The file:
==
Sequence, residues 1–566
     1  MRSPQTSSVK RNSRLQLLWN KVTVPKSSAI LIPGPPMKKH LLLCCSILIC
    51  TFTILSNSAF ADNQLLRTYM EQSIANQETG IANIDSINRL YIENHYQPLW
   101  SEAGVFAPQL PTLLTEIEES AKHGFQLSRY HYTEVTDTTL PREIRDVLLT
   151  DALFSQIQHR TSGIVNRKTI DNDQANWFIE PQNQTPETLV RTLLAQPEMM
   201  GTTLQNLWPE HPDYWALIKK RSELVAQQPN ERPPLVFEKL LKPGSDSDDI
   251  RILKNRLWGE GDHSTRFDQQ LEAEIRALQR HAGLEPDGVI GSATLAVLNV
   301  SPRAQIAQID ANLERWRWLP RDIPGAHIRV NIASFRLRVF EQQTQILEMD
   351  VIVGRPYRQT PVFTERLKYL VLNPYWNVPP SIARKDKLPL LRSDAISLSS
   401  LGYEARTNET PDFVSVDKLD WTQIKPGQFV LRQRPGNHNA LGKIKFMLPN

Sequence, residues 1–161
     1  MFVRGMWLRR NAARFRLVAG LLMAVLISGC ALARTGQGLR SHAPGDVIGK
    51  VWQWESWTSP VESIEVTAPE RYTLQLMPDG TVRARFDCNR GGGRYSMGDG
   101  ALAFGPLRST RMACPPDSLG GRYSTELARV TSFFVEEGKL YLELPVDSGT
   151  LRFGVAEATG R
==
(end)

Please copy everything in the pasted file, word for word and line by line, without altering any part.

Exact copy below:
Sequence, residues 1–566
     1  MRSPQTSSVK RNSRLQLLWN KVTVPKSSAI LIPGPPMKKH LLLCCSILIC
    51  TFTILSNSAF ADNQLLRTYM EQSIANQETG IANIDSINRL YIENHYQPLW
   101  SEAGVFAPQL PTLLTEIEES AKHGFQLSRY HYTEVTDTTL PREIRDVLLT
   151  DALFSQIQHR TSGIVNRKTI DNDQANWFIE PQNQTPETLV RTLLAQPEMM
   201  GTTLQNLWPE HPDYWALIKK RSELVAQQPN ERPPLVFEKL LKPGSDSDDI
   251  RILKNRLWGE GDHSTRFDQQ LEAEIRALQR HAGLEPDGVI GSATLAVLNV
   301  SPRAQIAQID ANLERWRWLP RDIPGAHIRV NIASFRLRVF EQQTQILEMD
   351  VIVGRPYRQT PVFTERLKYL VLNPYWNVPP SIARKDKLPL LRSDAISLSS
   401  LGYEARTNET PDFVSVDKLD WTQIKPGQFV LRQRPGNHNA LGKIKFMLPN

Sequence, residues 1–161
     1  MFVRGMWLRR NAARFRLVAG LLMAVLISGC ALARTGQGLR SHAPGDVIGK
    51  VWQWESWTSP VESIEVTAPE RYTLQLMPDG TVRARFDCNR GGGRYSMGDG
   101  ALAFGPLRST RMACPPDSLG GRYSTELARV TSFFVEEGKL YLELPVDSGT
   151  LRFGVAEATG R